Croatia’s 2020 report on municipal waste – good results, still a long way ahead to reach targets

croatia municipal waste report 2020 tomislav coric

Photo: Ministry of Economy and Sustainable Development


October 8, 2021



comments icon




October 8, 2021



comments icon



In 2020, Croatia reduced the amount of municipal waste. It increased waste separation and the recycling rate, but the results are partly driven by the COVID-19 pandemic and are still below the set goals.

The data are part of the report on municipal waste for 2020, presented by Minister of Economy and Sustainable Development Tomislav Ćorić, Director of Institute for Environmental and Nature Protection Aljoša Duplić, and Director of the directorate for environmental impact assessment and sustainable waste management Anamarija Matak.

56 percent of municipal waste ended up in landfills in 2020, and the plan is to reduce the level to 25 percent by 2022

According to the report, 1,692,966 tons of municipal waste was generated in Croatia in 2020, which is a decrease of 6.5% from 2019. The annual amount of municipal waste per capita is 418 kilograms.

According to the National Waste Management Plan for the period 2017-2022, Croatia’s goal was to reduce municipal waste by 5% compared to 2015, or 1,571,300 tons, and the target for 2020 was 1,587,840 tons.

In 2020, 941,285 tons of municipal waste were disposed of in landfills or 56% of the total. It is a reduction of three percent compared to 2019, but a lot still needs to be done to reach the 25% set for 2022.

croatia municipal waste report 2020

Out of the total municipal waste, 56% was sent to landfills, 34% to recovery (which includes recycling), and 9% to the mechanical-biological waste treatment plants, the report underlines.

Good results driven by reduced work of the service sector due to the pandemic, but also the implemented reforms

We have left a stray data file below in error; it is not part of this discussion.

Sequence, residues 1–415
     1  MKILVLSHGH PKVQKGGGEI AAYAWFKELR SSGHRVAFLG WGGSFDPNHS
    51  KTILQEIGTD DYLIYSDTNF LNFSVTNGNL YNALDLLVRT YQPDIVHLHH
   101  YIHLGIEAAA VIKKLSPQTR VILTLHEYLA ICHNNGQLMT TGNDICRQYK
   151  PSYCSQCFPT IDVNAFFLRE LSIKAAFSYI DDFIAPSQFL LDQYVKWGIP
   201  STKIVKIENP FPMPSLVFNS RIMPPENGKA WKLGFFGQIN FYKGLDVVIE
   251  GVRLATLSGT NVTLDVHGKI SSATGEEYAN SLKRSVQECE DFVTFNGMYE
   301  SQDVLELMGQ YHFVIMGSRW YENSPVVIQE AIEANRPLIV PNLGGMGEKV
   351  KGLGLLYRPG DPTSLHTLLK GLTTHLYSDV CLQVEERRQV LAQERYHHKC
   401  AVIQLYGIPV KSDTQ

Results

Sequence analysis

The decline in the total amount of municipal waste is explained by the COVID-19 pandemic, which reduced the work of the service sector in 2020 and the consistent implementation of activities to raise citizens’ awareness of their role in creating and preventing waste.

Also, investments were made in infrastructure for waste separation, such as containers for separate collection on households’ doorsteps, the construction of recycling yards, installation of containers for separate collection in public areas, procurement of vehicles for separate collection, equipping sorting facilities.

Another reason for the good results was the introduction of scales in landfills, which is why the data on waste amounts are more accurate, according to the report.

Waste separation rate at 41 percent, the goal was 52

croatia municipal waste report 2020 waste separation


Last year, Croatia also recorded an increase in the waste separation of municipal waste, of four percentage points to 41 percent. However, the target for 2020 was 52, compared to 60 percent for 2022.

The number of municipal units conducting waste separation of biowaste has increased by 20